Keywords: Russian cities, wages, convergence, spatial autocorrelation, spatial econometrics, Markov chain Monte Carlo.
    JEL: R12 O18
    Date: 2015
  3. By: Gabriel J. Felbermayr; Alexander Tarasov
    Abstract: The distribution of transport infrastructure across space is the outcome of deliberate government planning that reflects a desire to unlock the welfare gains from regional economic integration. Yet, despite being one of the oldest government activities, the economic forces shaping the endogenous emergence of infrastructure have not been rigorously studied. This paper provides a stylized analytical framework of open economies in which planners decide non-cooperatively on transport infrastructure investments across continuous space. Allowing for intra- and international trade, the resulting equilibrium investment schedule features underinvestment that turns out particularly severe in border regions and that is amplified by the presence of discrete border costs. In European data, the mechanism explains about a fifth of the border effect identified in a conventionally specified gravity regression. The framework sheds light on the welfare costs of second best investment schedules, on the effects of intercontinental trade or of privatized infrastructure provision.
    Keywords: Economic Geography;International Trade;Infrastructure Investment;Border Effect Puzzle
    JEL: F11 R42 R13
    Date: 2015–12
  4. By: Wardhana, Dadan; Ihle, Rico; Heijman, Wim
    Abstract: The agricultural sector plays an important role for rural economies. However, rural populations still face poverty as one main issue threating livelihoods. Regional concentration and specialization in agricultural production and processing is referred to as agro-clusters. These clusters might generate income possibilities so that rural poverty may be reduced. We empirically analyse this question by applying spatial econometric models because neighbouring regional economies are likely to influence each other. The analysis focuses on the 545 sub-districts of the West Java province of Indonesia where about 10% of the population live in poverty. Concentration of agricultural employment is found to have significant effects on poverty reduction in the sub-district as well as its neighbouring regions. Specialisation in agricultural output is also found to cause lower poverty rates. This implies that the government should support the regional specialization in agriculture. Based on the identification of the comparative advantage of each sub-district, the government should establish regional production nuclei in agriculture in order to boost the specialization. Care has to be taken of the spillover effects the policies will have for surrounding areas.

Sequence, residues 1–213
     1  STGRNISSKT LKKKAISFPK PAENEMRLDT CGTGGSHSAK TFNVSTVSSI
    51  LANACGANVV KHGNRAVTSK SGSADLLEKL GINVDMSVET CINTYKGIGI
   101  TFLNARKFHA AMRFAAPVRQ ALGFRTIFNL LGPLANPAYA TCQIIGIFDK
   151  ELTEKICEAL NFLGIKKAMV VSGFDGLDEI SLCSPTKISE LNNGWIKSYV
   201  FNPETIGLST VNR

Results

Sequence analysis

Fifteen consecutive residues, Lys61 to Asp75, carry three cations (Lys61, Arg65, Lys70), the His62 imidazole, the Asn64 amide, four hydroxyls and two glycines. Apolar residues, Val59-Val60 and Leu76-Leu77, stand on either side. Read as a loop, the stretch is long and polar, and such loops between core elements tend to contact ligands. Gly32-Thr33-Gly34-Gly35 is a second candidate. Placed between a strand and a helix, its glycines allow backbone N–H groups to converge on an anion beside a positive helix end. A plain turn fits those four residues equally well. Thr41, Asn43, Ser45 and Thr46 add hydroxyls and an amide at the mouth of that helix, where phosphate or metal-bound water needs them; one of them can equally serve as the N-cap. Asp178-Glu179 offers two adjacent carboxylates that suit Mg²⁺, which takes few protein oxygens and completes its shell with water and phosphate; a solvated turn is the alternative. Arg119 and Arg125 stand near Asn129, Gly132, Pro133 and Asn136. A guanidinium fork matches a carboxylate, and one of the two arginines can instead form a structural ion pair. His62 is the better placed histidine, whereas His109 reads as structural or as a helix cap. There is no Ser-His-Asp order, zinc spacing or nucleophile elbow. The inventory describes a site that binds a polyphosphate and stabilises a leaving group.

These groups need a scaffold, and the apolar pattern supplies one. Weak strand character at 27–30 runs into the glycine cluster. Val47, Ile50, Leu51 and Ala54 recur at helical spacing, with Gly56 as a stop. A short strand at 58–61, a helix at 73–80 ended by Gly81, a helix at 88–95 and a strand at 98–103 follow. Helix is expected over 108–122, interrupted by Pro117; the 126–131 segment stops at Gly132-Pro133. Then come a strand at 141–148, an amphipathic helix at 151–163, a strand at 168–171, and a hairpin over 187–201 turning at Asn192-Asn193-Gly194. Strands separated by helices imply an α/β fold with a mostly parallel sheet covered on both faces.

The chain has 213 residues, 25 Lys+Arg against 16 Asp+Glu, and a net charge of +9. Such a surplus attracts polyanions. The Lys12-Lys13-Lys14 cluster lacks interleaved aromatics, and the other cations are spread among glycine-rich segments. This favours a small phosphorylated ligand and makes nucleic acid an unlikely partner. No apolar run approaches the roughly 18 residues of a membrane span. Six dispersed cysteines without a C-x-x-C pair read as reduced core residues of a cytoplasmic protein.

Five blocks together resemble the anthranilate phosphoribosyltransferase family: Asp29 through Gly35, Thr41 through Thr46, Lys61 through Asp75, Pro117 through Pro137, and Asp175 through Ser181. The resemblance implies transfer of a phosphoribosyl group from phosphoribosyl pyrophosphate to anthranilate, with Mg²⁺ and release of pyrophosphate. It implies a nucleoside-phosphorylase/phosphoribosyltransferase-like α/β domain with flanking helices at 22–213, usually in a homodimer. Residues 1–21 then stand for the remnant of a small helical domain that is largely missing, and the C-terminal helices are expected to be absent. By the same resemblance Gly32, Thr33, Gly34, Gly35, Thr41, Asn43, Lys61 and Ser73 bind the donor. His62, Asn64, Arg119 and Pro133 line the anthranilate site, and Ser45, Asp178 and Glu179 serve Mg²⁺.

Keywords: agricultural production, spatial concentration, spatial dependence, clusters, Agricultural and Food Policy,
    Date: 2015
  5. By: Jacek Zaucha (Institute for Development, Sopot, Poland, University of Gdansk, Faculty of Economics, Gdańsk, Poland)